Wednesday, July 31, 2019

A Role Reversal Marriage on the Rocks

Another day, another role reversal marriage. One that is, unsurprisingly, not working. I don’t really have an answer to this woman’s problem. Neither does Carolyn Hax. The difference is, I know I don’t have an answer. Hax does not. She thinks that if the husband does not like being on his wife that can only mean that he has a neurological disorder and ought to be diagnosed.

So, here is the letter:

My husband just quit his job. Again. Third this year, sixth in four years. He's sort of a jack of all trades, but mostly works in restaurants. I've always been the higher earner, so we're stable enough and I don't really mind about the irregular income. But it affects everything at home, every time: He's unhappy in the job, which brings down the atmosphere at home. Then he quits and feels insecure and tense about being jobless, so everything at home is also insecure and tense. Then he eventually gets a new job and things get better.

Right now, we can't make plans to see family, for example, because who knows if he'll have to work and he won't have built up any vacation time. I tried to talk about this after the most recent quitting, but our conversations about it have been unproductive, because he's so tense and ratty.

We have no kids, and we learned from experience a few years back that he can't just stay home and not work, because that's so much worse than what we're going through now. Any suggestions?

For our part we do not know how old this couple is. We do not know whether they ever want to have children. We do know, because she suggests it, that she, being the breadwinner, cannot really take time off to care for children. If so, his inability to hold down a job is preventing her from having children. Or perhaps she does not want children. We do not know.

This means, if I daresay, that this couple is detached from reality and is playing out a struggle over ideology. It's an ugly picture.

Clearly, her husband feels unmanned. We do not know if her way of interacting with him makes him feel unmanned. But, we do know that he reacts badly to doing nothing. And we do know that he does not like the situation. We do not know how household chores are divided, but surely it is a source of contention.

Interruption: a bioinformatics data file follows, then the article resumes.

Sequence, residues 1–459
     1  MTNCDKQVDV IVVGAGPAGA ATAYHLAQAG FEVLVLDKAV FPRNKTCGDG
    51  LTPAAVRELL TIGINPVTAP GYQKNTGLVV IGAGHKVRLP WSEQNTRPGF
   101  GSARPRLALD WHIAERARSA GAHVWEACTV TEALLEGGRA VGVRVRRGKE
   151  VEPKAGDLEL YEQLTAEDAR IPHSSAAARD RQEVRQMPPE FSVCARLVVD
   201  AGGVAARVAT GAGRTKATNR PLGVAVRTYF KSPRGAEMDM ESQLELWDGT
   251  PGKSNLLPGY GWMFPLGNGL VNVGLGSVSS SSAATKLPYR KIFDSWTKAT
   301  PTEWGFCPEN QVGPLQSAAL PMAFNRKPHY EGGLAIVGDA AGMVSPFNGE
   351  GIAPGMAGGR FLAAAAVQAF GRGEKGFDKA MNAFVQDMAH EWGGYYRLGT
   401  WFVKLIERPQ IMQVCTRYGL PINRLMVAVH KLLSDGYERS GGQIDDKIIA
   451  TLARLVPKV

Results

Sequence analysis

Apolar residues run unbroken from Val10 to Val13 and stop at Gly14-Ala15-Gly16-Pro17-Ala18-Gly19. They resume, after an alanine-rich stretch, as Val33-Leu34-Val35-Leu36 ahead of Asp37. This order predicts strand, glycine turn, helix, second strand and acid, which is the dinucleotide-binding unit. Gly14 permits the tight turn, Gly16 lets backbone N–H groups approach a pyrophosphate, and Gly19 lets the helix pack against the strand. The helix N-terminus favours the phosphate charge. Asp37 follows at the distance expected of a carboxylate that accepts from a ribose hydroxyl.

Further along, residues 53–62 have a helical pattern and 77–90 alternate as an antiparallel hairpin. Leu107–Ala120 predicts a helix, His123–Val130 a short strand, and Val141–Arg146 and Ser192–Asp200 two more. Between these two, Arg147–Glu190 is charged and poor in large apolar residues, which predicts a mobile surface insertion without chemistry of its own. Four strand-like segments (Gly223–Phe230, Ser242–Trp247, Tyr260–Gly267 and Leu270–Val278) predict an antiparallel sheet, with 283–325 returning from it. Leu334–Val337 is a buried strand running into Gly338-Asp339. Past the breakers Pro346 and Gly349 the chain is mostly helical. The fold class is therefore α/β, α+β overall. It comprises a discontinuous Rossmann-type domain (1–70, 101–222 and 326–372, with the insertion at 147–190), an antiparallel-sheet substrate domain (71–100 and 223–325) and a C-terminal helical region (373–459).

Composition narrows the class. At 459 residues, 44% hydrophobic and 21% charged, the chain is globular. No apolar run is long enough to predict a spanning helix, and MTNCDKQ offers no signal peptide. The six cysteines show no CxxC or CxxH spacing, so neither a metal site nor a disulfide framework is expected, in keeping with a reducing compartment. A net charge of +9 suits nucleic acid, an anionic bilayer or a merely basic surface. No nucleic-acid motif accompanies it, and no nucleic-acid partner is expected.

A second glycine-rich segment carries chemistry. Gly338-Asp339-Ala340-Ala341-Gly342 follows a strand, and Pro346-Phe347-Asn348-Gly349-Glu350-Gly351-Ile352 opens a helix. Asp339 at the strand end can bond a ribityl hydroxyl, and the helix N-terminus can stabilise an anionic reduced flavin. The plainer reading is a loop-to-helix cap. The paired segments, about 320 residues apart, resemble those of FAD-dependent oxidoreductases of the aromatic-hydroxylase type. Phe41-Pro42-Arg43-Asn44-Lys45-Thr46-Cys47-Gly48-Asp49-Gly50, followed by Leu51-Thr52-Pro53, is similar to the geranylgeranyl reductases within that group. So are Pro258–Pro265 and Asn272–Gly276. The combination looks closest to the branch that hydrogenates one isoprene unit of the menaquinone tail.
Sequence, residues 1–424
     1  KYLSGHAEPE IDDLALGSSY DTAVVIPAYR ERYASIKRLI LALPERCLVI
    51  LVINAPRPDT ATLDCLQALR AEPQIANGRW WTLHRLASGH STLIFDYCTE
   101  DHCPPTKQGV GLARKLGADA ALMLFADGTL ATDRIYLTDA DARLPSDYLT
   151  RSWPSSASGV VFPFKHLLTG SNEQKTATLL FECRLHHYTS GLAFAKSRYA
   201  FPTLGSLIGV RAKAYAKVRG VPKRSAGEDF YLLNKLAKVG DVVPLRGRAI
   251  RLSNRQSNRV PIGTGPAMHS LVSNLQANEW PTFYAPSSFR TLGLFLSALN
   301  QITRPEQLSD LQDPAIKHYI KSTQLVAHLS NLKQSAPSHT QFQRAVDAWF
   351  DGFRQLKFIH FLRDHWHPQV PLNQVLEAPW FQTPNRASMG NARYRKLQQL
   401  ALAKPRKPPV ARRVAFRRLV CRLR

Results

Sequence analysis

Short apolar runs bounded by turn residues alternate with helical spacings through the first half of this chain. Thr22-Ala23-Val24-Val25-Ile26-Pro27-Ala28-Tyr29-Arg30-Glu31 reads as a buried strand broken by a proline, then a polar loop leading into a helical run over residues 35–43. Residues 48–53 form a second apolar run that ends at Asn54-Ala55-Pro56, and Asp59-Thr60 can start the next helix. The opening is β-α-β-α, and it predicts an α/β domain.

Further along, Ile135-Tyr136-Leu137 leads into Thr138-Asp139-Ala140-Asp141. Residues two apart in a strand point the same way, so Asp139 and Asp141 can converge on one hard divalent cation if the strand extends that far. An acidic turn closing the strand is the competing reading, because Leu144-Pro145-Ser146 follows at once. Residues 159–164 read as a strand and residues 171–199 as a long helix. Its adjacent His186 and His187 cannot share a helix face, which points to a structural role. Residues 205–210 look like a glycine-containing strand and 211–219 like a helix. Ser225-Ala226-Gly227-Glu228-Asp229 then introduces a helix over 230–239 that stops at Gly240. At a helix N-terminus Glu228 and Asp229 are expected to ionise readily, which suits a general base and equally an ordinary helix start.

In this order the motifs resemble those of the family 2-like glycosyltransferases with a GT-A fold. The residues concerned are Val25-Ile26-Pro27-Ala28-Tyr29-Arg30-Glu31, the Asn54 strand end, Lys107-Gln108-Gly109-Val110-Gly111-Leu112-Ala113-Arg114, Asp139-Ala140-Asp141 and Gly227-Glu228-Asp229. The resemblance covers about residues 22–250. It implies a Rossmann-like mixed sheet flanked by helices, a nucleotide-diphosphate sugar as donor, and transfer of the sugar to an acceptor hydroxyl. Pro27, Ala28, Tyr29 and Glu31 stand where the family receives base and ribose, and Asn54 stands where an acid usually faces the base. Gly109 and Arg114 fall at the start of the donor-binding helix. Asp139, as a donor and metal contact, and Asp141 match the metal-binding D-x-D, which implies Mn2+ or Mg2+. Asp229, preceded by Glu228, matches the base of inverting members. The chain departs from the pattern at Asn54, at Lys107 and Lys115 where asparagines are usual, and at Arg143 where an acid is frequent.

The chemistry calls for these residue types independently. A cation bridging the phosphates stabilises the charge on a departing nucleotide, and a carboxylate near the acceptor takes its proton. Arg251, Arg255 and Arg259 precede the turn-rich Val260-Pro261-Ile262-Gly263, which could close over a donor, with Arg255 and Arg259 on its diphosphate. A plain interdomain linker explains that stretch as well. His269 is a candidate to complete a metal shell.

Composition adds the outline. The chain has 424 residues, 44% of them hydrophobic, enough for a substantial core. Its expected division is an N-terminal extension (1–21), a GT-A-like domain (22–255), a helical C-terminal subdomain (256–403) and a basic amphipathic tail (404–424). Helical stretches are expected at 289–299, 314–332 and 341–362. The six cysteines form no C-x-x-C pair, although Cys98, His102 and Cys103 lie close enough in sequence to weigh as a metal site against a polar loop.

Of course, the obvious solution is a separation. We do not like to recommend such actions, but clearly the couple is mismatched. If he were on his own or if he was with a woman who was not such a superior earner he might do better at his job. He might be more motivated.

So, as I see it, he is reacting like a man who has been unmanned, in part by his wife and in part by his inability to support his family. Evidently, he is looking for a way out of the marriage. If so, will he be entitled to alimony? We do not know.

So, what does Hax have to say? Why, she says that he is neurologically impaired. She implies that he ought to be happy with his circumstances. If he is not happy, then he must be sick. Of course, she notes that she is not licensed to make such determinations, but clearly she is making them anyway.

Allow her her uninformed opinion. Responding to the question of what the wife should recommend to the husband, Hax says:

A neuropsych screening, if he’ll agree to it. Your question pings like an old pinball machine — jack-of-all-trade-ism, job-hopping, restaurant work, anxiety, ping, ping, ping. I’d guess there’s a diagnosable condition in there driving a high need for stimulation and a low tolerance for tedious/repetitive tasks.

I’m not saying it’s ADHD — layman, not my place — but, an ADHD information site, has a good section on evaluations here that would apply to anyone with a possible neuropsych issue:

The point of a diagnosis would be less about fixing it and more to help him understand how his mind works and how to make choices that suit his nature better.

A job that has less repetition to it and more built-in novelty, for example, could hold his attention longer. If that’s a unicorn, then maybe a circuit of recurring seasonal jobs would allow novelty and stability both.

Did you notice the contempt? Do you wonder why men are angry? Do you think that Hax and the wife together understand male psychology and male behavior. If that’s the attitude that the wife is visiting on her husband, the best solution for him would be separation and eventual divorce.


Anonymous said...

Sigh. Some years ago I was a regular reader of Carolyn Hax's column and enjoyed it very much. Then it went behind the paywall and subsequently WaPo and the rest of the MSM went nuts. (Hmm, never thought about the paywall as the cause. But that's a discussion for another day.) Sounds like it's gone down a steep, politically correct hill.

Anyway, my reaction was even more old school. The husband's pattern of behavior is indeed aimed at breaking up the marriage, but in a very passive-aggressive way. I don't think he's so much unmanned as he is just realizing (unconsciously, I suspect) how to turn his wife against him. He's pushing her until she kicks him out.

I'm in my 60s now, but this was a very common pattern when I was in my 20s.

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